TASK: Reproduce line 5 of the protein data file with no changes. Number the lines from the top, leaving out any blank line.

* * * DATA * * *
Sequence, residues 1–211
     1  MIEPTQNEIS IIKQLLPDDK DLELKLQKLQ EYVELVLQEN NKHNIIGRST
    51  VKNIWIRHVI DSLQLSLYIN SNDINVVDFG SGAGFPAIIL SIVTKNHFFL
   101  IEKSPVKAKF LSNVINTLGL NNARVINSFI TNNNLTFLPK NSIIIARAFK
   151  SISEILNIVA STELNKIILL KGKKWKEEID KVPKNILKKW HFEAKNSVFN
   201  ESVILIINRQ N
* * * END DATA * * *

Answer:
   151  SISEILNIVA STELNKIILL KGKKWKEEID KVPKNILKKW HFEAKNSVFN